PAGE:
"Premium games are not dying, but they are changing, and fast," said David Reid, SVP at Trion Worlds -- and if developers cannot adapt to the necessary changes, "you might as well not even be in the business."
Talking as part of a session at the Game Developers Conference in Cologne, Germany today, Reid discussed at length the changes needed in both the premium and online premium gaming space, citing Trion's own titles, both released and upcoming, as examples.
He first turned to Rift
, the company's first release from March, which he explained now has over one million customers and is the "second largest MMO in the West."
In preparation for Rift
, the Trion team looked at huge past MMOs such as Ultima Online
and World of Warcraft
and noted that simply making another like these "wouldn't be enough."
The team looked at what worked and what didn't, said Reid, and decided that a more exciting, constantly evolving and dynamic world was needed, along with HD graphics. At numerous points in the talk, he stressed that AAA-quality visuals were a core essential ingredient in Trion games.
The Trion SVP then turned his attention to the last few years of premium games, noting that, amongst many of the big AAA developers, Activision had seen its share prices rapidly increase compared to others, thanks to its increasing focus on online games.
He also noted the number of online casual game studio acquisitions, such as EA's acquisition of both PopCap and Playfish. However, he was quick to stress that he does not believe premium games are dying, "but they are changing, and fast."
"It's a lot harder to make your money back in the premium games space than it used to be," he explained, citing "dramatically" increasing development costs, low recurring revenues and limited social gameplay.
Reid talked of an inevitable "new era" of premium games, that involves "AAA ambition and polish; massive scale; persistence, and customization" as keystones. "If you're not doing these things, you might as well not even be in the business," he suggested.
He cited both good and bad moments of development of Rift
. The game's dynamic content, allowing worlds to be completely changed depending on if the enemy are winning, has been a huge hit with players, he said.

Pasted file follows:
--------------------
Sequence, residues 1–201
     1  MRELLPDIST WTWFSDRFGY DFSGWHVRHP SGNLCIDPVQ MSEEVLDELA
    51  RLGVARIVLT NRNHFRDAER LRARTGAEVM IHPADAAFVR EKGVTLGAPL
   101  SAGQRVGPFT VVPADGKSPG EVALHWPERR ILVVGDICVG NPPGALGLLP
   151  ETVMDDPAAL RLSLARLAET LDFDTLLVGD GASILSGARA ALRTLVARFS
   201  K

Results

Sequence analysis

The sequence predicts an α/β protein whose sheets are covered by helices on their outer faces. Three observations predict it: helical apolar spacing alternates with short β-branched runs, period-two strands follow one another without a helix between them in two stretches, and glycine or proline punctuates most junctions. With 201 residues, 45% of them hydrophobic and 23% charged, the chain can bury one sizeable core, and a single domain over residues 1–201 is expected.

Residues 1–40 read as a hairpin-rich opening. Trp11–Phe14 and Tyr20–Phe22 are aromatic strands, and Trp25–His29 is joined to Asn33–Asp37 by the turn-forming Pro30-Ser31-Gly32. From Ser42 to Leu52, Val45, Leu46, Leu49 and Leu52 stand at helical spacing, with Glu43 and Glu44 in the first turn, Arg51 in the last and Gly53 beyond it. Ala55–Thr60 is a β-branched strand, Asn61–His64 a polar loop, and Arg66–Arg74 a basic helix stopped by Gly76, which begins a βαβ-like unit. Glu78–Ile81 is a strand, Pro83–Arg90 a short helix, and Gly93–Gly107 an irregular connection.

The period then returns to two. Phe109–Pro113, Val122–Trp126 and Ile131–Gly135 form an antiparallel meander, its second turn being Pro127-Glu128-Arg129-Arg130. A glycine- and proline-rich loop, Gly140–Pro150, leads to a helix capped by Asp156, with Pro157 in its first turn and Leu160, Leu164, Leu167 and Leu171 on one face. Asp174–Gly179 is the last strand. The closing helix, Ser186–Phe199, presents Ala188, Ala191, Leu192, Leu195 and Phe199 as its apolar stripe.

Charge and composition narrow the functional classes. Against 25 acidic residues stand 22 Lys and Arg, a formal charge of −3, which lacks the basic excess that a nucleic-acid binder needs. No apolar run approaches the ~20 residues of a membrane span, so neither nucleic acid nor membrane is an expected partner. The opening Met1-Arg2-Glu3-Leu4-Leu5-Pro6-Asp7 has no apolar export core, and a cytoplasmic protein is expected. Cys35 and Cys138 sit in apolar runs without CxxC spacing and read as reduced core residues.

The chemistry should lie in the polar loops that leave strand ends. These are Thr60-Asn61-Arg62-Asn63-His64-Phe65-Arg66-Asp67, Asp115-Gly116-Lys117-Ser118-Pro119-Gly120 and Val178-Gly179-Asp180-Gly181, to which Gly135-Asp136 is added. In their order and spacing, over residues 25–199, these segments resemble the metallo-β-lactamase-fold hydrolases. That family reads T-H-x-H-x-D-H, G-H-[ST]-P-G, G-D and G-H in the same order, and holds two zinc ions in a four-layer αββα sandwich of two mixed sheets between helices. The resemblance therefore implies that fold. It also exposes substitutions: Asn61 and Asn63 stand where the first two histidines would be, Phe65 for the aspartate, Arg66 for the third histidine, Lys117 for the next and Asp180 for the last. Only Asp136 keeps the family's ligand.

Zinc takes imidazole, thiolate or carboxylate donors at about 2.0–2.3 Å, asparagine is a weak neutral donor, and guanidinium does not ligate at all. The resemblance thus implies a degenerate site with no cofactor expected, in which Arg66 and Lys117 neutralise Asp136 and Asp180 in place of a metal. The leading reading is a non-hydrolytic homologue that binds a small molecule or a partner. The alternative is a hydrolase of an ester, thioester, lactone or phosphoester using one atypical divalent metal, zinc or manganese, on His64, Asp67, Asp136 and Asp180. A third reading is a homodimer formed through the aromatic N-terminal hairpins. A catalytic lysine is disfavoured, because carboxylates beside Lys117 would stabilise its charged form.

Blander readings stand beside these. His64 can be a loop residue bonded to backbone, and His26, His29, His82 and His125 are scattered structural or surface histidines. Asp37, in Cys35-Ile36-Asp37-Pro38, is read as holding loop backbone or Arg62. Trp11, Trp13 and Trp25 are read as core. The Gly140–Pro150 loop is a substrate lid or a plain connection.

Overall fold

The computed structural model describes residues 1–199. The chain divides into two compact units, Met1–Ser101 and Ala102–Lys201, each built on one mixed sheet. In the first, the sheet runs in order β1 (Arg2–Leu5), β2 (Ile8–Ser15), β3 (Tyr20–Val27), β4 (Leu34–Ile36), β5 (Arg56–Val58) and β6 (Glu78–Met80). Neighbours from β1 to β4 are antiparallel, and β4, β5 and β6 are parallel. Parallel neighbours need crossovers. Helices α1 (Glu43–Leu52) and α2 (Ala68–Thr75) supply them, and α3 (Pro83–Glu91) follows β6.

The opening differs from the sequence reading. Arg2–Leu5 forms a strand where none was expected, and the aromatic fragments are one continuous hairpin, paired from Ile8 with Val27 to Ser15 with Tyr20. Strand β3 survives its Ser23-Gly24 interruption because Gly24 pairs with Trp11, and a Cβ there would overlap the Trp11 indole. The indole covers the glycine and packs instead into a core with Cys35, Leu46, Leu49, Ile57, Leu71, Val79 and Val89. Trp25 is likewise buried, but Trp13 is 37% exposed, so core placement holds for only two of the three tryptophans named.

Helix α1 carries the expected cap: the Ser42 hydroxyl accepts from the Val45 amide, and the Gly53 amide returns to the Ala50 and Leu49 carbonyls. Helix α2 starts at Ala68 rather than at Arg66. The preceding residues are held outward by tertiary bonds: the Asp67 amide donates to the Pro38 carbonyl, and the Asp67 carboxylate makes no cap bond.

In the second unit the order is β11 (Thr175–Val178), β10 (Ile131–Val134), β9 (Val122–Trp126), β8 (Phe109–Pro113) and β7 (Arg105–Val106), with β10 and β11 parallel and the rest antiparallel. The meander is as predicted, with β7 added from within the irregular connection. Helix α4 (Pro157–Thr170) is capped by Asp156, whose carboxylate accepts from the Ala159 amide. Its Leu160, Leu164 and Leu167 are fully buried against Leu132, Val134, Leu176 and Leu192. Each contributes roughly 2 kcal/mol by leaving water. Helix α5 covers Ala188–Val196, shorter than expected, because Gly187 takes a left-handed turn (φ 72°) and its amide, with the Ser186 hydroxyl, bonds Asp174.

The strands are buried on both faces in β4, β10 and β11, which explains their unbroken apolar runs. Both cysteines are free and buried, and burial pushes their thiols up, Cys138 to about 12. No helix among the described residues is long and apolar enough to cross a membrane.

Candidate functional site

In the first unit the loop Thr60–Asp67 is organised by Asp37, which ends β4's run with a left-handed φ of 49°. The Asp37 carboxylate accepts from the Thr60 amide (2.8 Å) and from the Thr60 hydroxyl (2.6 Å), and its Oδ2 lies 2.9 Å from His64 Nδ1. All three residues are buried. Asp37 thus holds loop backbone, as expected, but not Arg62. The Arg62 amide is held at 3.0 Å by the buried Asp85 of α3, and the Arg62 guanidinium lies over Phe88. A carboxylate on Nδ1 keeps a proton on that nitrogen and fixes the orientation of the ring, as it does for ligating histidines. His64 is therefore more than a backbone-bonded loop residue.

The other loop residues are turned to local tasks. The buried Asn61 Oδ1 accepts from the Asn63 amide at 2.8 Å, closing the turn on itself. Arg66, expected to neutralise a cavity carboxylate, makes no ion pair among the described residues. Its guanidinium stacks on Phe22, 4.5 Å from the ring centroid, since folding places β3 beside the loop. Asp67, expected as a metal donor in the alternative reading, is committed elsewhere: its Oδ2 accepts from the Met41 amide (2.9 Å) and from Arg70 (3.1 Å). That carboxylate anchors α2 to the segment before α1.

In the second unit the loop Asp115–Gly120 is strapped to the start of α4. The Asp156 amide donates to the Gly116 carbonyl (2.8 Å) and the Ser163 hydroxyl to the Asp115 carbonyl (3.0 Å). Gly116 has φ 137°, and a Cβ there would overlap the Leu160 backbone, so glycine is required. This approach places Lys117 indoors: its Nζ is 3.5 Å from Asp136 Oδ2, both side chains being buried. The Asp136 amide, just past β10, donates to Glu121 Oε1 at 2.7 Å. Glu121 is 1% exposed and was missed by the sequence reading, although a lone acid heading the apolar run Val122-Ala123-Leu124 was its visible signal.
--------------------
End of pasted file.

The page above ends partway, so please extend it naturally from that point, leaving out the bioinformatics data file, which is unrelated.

However, when the team introduced the River of Souls
update with new content, players didn't take to this so well and voiced their concerns. Trion was able to listen to fans, said Reid, and learn from the community.
He said that, using this feedback the studio was able to put this information to use for the upcoming update Ashes of History
. The best content comes after launch, he argued, as this is based on what the community wants.
It also helps if "you don't layoff half your team after launch," Reid quipped, referring to a string a layoffs in the industry in recent times.
Reid then fired a video of End of Nations
up, the studio's upcoming free-to-play strategy MMO. "We think End of Nations
will be the highest quality free-to-play game ever," he said.
He explained that it was necessary to make End of Nations
free-to-play, as the game is at its best when there are 50+ people playing a single co-op game together, and this was the best way to entice so many players into giving it a try.
Finally, Reid mentioned Defiance
, Trion's other upcoming project in collaboration with the Syfy channel. He discussed how the game will launch at the same time as a TV series with the same name, and players will be able to affect the TV series via their actions in the game.
The TV series and game will "literally evolve together," he explained, changing depending on how the other changes. "You can have an impact on the war [in the TV show]."